Close by envy on the wall was a painting of Sorrow. It was quite apparent from her complexion that she was greatly tormented in her heart, and she seemed afflicted with jaundice; Avarice was not nearly so thin and pale as she, for the sadness and distress and troubled thoughts which she suffered night and day had made her turn quite yellow, thin and pale. No living thing ever endured such torment or felt such distress as she seemed to do. I do not think that anyone could have done anything for her that would have pleased her, nor would she have wished at any price to be comforted or to abandon the grief in her heart; her heart was exceedingly sad and her grief deep and intense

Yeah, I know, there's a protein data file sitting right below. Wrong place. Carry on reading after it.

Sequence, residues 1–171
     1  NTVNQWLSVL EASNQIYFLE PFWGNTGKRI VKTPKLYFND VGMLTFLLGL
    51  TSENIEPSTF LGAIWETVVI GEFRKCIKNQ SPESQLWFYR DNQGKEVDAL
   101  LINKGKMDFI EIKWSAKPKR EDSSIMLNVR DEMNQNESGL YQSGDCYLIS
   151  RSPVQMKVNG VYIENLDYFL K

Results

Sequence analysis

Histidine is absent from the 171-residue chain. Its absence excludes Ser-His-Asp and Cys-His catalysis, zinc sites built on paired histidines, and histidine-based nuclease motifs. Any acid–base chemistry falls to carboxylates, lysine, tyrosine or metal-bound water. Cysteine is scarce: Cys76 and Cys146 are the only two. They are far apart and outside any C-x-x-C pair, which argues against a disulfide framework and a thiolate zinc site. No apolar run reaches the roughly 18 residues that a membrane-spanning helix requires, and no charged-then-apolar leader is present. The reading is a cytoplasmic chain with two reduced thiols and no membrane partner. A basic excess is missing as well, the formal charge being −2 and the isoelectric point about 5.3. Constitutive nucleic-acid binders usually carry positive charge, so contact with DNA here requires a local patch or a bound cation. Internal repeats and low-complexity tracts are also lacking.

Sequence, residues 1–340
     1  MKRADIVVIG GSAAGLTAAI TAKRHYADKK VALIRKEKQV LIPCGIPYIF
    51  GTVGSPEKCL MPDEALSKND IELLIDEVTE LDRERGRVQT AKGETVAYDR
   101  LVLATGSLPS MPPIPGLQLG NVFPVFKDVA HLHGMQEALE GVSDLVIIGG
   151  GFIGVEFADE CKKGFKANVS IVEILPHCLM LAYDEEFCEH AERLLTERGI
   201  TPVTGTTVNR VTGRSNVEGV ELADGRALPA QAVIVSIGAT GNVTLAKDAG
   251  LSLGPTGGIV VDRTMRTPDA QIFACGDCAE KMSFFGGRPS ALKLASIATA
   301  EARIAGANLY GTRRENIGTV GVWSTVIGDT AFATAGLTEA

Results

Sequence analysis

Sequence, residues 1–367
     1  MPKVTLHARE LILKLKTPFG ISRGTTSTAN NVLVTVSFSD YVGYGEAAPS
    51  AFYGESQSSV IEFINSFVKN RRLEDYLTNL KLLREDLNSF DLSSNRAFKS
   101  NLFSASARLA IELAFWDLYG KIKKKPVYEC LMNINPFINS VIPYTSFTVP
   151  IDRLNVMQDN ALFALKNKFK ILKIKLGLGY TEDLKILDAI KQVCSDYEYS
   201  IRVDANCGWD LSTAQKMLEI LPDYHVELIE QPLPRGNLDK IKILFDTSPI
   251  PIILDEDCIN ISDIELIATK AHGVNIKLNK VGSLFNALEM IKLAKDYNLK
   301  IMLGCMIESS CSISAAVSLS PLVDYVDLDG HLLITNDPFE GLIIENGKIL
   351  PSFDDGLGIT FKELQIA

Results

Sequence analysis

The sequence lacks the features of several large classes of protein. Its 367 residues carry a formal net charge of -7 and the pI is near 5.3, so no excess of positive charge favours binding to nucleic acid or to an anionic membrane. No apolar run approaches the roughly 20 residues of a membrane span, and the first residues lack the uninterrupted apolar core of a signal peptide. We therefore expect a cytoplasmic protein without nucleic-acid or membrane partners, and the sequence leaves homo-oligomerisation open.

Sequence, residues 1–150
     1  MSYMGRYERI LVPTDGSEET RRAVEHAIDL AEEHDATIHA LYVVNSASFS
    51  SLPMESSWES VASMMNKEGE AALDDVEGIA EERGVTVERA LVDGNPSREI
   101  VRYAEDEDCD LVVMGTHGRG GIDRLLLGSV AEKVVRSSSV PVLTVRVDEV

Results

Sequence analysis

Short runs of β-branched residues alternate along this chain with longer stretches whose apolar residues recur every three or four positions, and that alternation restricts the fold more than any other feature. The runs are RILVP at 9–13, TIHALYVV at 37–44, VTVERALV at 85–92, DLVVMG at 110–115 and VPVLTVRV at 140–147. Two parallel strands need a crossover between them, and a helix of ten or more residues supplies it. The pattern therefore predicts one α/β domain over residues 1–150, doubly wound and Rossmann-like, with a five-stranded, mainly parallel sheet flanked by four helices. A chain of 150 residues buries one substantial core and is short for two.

Beside her on the left was another figure, of a different shape, whose name I read above her head; she was called Cruelty. Then, looking to the right I saw an image called Baseness, not unlike the other two in form and kind. She seemed indeed an evil creature, wild and cruel an immoderate and insolent scandalmonger. The man who could create such an image knew well how to paint a portrait; it seemed a most villainous thing. She seemed to be full of abuse, a woman incapable of honouring others as she ought to.
Covetousness was painted next, she who entices men to take and to give nothing in return and to heap up great possessions, who causes many to lend money at interest because of their burning desire to win and amass possessions; she it is who prompts thieves and scoundrels to steal, a most wicked and sinful act, for in the end many of them are inevitable hanged............